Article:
Before Harry Houdini's 1926 death, the master magician promised his wife Bess that he would return to her from beyond the grave. Every year at the anniversary of Harry's death, Bess held séances at the top of Hollywood's Knickerbocker Hotel. Finally after a decade, her hopeful conjuring stopped. Mrs. Houdini said that "ten years was long enough to wait for any man."
Last week, Elsie Poncher, the widow of Richard Poncher, brought real earning power to death by auctioning off her husband's crypt above Marilyn Monroe. The text of the eBay listing confirmed the 23-year-old rumor that Mr. Poncher was flipped over -- per his last wish -- to be interred in an eternal kiss with Hollywood's immortal sex goddess. Reality, recession, or just common horse sense sent Elsie to eBay with hopes of garnering enough capital to pay off the widow's million-dollar-plus Beverly Hills mortgage. By the time the auction ended, it looked like Elsie had paid off the house plus three million in cash. Some people have all the luck.
Richard Poncher in life
Forget Forest Lawn. Per square foot, Westwood Memorial Cemetery is the most expensive long-term lease in America. A stone's throw from LA's most fashionable addresses and busiest intersection, the cemetery's a who's who of who was in Hollywood. Now due to some capital gains, out goes Richard Poncher. Sliding in feet first goes a new occupant whose eventual demise is a product of 21st century commerce at its most blatant.
In these days, of "Michael, Michael, where's Michael Jackson," more than one luminary is playing high-stakes-eternal-rest-real estate roulette. Maybe Monroe's heirs will decide to move her. Imagine buying several plots, plopping the goddess right in the middle, then announcing to the world a 4x6 foot plot-land-grab to the highest bidder. Next-of-kin to the infamous could make a fortune.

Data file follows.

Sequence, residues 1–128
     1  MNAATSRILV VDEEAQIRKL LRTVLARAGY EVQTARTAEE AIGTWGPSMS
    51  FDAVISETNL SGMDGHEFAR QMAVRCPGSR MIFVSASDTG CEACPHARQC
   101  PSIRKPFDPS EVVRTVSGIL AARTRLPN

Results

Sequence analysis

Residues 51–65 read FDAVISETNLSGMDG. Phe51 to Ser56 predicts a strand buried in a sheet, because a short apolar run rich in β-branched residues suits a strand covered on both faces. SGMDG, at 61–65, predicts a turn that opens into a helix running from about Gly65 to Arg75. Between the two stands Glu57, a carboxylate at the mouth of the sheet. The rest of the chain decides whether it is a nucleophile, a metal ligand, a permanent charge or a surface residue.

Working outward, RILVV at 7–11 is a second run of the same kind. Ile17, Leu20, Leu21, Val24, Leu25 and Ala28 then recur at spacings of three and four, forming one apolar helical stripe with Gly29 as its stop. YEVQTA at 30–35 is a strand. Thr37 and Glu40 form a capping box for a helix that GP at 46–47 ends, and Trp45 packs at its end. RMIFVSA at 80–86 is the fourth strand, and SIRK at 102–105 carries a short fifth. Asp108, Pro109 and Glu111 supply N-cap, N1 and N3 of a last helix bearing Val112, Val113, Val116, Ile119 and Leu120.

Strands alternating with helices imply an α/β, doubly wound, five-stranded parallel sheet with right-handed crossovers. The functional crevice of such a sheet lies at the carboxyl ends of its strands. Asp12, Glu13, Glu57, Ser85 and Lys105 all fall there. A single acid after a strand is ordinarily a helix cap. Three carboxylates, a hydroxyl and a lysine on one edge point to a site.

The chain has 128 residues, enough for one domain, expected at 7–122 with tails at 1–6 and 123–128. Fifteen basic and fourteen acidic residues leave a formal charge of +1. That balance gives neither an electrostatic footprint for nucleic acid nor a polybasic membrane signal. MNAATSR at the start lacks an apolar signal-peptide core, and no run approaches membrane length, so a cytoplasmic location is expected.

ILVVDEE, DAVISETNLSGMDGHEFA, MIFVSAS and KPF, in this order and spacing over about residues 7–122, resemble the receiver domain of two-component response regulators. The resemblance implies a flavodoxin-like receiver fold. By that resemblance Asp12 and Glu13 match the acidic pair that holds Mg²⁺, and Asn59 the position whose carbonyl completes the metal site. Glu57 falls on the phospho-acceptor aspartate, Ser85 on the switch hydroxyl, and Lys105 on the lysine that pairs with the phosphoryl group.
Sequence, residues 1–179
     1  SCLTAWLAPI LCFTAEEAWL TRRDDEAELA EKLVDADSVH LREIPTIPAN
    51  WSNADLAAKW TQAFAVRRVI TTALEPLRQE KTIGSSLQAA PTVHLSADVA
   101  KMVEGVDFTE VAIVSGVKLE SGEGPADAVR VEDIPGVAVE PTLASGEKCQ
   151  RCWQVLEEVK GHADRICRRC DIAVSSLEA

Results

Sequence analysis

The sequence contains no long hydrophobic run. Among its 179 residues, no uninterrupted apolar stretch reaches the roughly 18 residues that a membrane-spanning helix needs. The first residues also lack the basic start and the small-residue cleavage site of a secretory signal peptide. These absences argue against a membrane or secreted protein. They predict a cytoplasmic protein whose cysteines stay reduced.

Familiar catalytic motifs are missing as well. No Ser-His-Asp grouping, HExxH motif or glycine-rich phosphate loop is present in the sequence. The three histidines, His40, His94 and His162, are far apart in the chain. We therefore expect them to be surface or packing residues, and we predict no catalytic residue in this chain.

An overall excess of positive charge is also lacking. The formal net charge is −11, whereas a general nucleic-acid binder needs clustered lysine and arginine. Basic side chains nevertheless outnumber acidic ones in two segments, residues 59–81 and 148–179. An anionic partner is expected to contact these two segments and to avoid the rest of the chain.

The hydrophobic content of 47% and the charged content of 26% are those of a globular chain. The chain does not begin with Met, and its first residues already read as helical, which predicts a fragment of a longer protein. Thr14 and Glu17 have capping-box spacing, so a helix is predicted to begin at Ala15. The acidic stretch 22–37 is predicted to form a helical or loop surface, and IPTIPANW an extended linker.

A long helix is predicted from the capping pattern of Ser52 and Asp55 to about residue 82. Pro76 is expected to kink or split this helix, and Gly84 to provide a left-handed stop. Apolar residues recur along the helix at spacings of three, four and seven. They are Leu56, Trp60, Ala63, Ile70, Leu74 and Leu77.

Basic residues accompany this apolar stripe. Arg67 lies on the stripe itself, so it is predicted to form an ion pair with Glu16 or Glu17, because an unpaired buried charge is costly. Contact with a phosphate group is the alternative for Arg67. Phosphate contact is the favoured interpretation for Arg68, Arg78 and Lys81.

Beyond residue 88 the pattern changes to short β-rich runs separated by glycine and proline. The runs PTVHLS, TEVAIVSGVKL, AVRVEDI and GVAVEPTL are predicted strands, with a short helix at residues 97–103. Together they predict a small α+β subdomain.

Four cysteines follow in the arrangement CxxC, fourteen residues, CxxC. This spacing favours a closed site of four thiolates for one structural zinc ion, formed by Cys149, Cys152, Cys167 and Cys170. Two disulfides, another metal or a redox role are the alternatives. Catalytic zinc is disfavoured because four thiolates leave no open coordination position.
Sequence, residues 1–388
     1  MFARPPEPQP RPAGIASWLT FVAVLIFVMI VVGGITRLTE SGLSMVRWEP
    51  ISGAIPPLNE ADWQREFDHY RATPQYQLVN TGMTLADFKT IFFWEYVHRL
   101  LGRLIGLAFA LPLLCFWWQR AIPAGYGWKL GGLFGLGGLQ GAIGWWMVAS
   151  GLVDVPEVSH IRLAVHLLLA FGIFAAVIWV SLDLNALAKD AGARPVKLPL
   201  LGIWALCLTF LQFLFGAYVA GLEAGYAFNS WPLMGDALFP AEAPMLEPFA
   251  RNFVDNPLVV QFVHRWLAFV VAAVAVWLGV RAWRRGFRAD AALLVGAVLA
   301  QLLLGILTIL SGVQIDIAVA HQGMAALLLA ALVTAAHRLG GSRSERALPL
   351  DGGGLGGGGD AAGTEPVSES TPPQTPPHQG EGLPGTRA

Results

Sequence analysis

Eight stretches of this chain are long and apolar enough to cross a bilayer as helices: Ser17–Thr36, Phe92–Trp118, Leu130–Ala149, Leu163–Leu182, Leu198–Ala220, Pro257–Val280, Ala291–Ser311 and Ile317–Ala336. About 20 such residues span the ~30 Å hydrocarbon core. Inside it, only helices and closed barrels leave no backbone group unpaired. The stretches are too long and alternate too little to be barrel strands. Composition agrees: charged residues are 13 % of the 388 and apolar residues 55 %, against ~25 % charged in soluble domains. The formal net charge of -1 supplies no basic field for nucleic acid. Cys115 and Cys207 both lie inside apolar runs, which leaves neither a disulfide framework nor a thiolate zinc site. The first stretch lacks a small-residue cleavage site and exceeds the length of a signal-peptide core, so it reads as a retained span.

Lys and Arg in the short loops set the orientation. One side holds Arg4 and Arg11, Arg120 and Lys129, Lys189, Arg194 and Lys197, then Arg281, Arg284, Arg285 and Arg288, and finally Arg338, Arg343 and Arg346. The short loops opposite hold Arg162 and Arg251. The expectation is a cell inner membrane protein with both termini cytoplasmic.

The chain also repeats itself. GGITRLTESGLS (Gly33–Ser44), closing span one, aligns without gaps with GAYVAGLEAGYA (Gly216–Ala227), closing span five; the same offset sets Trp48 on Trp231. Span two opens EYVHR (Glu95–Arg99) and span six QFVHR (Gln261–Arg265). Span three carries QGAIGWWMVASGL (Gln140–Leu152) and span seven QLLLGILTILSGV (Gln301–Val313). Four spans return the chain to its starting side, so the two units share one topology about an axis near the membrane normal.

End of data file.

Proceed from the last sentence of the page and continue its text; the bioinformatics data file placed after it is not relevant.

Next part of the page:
Diego Rivera's homage to eternal motherhood
When MGM's immortal photographer Ruth Harriet Louise died from complications during childbirth, the commission for her eternal headstone went to artist Diego Rivera. Now, because of its value, Ruth has found new sparkle after death. An investment well made, but perhaps a bit too late.
I guess it's no big deal - working your entire life for a spot to call your own then and having it literally sold out from under you. Maybe life really belongs to the living -- and so do the dead, at least that what the Jacksons, the Ponchers, and even the guys who raided all the ancient tombs must think.
No matter who wins the bidding fun in the Richard Poncher purchase, like Kleenex, Jell-O, and Q-tips, the crypt over Monroe's will always be the Poncher postmortem estate. I'm glad people recognize Marilyn's light all these years later and ante up so high. Then again, in this age of "nothing but a sure thing," maybe all Monroe's fans are just dying for a chance at some concrete immortality of their own.